The December issue of the Just Investment newsletter focuses on an important trade policy reversal in South Africa. The government there is terminating bilateral investment treaties with 10 European countries, including Germany, Switzerland, Spain, Belgium and the Netherlands. As Fiona Dove, director of Transnational Insttute, explains:
The Canadian Press reports that the North American Free Trade Agreement (NAFTA) Commission for Environmental Co-operation (CEC) has asked the Harper government to respond to allegations that it failed to enforce the Fisheries Act with respect to tar sands tailings waste.
"Two environmental groups (Environmental Defence Canada and the Natural Resources Defense Council) and three individuals (in Alberta, Saskatchewan and the Northwest Territories who live downstream of the tar sands) assert the federal government has failed to enforce provisions in the Fisheries Act by allowing harmful substances to leak from tailings ponds into surface and ground water sources downstream of the tar sands in northeastern Alberta."
CBC reports, "Shoal Point Energy, which has drawn public criticism for a fracking proposal near Gros Morne National Park in western Newfoundland, is losing an exploration licence and the $1-million deposit that went with it. Shoal Point said the Canada-Newfoundland and Labrador Offshore Petroleum Board rejected the company's request to extend an exploration licence for hydraulic fracturing by one year, to January 2015. The company disclosed the decision to investors after the close of business on Thursday. The C-NLOPB's decision was made Dec. 5, it said."
The Council of Canadians
We are a member of the Newfoundland and Labrador Fracking Awareness Network, a non-partisan network of organizations and individuals who have serious concerns about the potential risks of hydraulic fracturing.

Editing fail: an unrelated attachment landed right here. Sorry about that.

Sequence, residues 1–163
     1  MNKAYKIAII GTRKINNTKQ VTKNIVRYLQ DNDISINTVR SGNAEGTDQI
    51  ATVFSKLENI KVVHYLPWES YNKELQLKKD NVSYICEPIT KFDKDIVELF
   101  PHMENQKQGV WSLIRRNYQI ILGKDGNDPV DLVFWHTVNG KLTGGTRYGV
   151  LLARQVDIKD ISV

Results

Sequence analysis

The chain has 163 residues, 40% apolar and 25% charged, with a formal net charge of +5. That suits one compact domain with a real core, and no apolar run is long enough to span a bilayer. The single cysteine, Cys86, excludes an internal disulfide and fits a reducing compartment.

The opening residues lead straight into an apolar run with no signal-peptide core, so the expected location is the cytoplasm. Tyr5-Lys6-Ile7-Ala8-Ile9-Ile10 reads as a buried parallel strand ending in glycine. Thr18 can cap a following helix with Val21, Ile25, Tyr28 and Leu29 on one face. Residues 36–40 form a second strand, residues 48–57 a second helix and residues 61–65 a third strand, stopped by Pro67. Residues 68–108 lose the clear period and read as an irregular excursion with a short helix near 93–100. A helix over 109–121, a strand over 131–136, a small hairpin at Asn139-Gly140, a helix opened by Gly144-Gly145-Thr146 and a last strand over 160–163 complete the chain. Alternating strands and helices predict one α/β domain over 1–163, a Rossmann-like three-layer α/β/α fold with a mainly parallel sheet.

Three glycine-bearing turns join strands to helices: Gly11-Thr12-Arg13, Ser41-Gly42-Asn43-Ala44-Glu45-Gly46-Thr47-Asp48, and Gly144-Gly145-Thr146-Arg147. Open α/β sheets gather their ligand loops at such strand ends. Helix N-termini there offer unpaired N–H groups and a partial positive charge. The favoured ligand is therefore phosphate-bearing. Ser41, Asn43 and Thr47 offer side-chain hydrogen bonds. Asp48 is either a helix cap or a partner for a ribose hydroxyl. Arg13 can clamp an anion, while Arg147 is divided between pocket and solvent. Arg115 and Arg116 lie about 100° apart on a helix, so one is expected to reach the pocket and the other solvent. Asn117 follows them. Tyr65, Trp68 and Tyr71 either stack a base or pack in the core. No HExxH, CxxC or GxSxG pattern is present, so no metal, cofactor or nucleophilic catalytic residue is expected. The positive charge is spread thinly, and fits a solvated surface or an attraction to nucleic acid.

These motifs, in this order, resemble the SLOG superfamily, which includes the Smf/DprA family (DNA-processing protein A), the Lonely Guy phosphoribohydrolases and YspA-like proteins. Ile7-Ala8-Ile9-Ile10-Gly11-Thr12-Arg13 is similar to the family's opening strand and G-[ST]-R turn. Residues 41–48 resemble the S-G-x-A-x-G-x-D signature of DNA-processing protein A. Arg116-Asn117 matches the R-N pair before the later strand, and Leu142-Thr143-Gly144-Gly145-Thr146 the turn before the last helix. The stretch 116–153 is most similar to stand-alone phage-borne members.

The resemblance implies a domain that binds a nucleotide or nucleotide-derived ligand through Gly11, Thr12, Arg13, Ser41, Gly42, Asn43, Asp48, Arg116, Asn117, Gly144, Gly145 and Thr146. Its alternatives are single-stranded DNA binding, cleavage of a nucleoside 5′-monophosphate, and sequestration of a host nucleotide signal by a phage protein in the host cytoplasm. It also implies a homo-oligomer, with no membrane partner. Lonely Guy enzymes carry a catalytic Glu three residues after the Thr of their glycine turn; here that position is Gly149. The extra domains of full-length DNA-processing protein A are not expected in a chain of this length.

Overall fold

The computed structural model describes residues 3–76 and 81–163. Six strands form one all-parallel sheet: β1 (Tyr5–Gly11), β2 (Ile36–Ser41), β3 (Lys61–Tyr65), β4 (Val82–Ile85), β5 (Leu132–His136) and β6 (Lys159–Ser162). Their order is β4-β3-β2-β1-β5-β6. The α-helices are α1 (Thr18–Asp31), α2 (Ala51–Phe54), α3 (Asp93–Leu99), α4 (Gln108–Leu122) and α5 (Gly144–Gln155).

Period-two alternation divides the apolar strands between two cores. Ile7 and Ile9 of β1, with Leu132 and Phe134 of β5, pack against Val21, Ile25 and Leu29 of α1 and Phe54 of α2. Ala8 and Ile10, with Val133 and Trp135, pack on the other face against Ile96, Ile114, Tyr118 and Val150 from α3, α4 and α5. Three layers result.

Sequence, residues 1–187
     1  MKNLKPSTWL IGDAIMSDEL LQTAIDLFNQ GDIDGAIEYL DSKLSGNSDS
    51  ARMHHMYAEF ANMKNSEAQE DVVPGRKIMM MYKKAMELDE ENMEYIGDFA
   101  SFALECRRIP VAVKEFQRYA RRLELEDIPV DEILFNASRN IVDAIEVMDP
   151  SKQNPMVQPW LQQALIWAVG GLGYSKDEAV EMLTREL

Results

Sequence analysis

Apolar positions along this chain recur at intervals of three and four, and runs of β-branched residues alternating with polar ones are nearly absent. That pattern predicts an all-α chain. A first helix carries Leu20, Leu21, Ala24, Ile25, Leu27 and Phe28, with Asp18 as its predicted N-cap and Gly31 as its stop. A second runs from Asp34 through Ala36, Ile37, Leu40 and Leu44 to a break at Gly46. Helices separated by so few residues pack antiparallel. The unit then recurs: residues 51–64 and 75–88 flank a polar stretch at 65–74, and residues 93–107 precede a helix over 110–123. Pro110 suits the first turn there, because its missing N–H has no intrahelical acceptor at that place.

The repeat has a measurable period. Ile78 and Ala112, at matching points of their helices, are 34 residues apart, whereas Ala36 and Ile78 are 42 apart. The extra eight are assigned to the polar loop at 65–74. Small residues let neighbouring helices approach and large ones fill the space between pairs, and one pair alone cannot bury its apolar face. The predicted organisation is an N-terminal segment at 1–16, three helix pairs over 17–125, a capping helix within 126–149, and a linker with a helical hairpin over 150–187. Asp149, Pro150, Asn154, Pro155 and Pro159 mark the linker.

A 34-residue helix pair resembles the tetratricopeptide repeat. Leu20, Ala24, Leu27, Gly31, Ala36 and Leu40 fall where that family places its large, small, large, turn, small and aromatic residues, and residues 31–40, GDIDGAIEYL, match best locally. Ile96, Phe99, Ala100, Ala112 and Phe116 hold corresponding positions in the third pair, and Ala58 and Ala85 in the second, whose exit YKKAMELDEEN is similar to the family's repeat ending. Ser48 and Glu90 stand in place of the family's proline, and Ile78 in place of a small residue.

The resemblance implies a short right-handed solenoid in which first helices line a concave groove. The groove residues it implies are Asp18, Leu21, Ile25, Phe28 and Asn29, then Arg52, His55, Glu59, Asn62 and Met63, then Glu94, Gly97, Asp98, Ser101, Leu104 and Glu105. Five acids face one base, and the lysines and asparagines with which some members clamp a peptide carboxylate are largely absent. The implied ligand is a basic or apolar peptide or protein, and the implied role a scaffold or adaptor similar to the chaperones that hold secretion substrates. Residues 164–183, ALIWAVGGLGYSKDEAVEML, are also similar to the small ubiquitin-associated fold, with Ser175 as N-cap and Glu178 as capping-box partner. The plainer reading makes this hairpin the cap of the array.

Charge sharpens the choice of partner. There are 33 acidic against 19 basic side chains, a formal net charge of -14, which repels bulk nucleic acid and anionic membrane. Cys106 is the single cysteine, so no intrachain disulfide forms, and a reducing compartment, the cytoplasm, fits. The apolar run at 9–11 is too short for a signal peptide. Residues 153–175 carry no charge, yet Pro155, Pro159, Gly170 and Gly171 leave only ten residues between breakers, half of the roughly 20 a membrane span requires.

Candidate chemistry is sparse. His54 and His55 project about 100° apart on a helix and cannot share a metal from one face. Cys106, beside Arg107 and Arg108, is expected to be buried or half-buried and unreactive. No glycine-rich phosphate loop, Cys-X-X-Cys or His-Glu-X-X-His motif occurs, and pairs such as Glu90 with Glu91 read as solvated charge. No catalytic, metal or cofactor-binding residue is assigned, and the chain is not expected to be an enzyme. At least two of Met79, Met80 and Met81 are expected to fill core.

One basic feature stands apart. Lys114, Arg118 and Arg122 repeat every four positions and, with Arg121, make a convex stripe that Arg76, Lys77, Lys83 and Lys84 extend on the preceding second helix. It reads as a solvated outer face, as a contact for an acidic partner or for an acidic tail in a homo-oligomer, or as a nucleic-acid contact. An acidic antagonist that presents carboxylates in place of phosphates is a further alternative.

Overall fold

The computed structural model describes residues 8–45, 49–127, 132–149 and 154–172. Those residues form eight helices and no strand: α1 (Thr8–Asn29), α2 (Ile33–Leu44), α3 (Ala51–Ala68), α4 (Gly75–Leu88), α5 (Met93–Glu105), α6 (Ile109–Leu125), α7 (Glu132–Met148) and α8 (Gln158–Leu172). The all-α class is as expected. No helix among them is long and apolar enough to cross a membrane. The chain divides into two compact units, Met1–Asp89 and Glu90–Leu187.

On December 6, Council of Canadians campaigner Emma Lui wrote the Wisconsin Ministry of Natural Resources to ask them to stop a proposed dock project that would allow for the construction of an oil terminal and the eventual transportation of crude oil on the Great Lakes.
Earlier this year Calumet Specialty Products announced it was considering an oil shipping terminal at the harbour in Superior, Wisconsin, which is located on the western tip of Lake Superior. That same week, Elkhorn Industries submitted a permit application for a $25 million upgrade to their dock which is connected by an existing pipeline to Calumet's 45,000 barrels per day refinery in Superior.
The Associated Press reports, "Three U.S. senators have asked a federal agency to check on the safety of an oil pipeline (Line 5) that runs beneath Great Lakes waters. Democrats Dick Durbin of Illinois and Carl Levin and Debbie Stabenow of Michigan made the request Wednesday in a letter to the Pipeline and Hazardous Materials Safety Administration, part of the U.S. Department of Transportation."
"They say Enbridge Energy Partners recently began pumping an additional 2.1 million gallons of oil daily (that's an additional 50,000 barrels a day) through the line, built in 1953 and passing beneath the Straits of Mackinac where Lakes Huron and Michigan meet."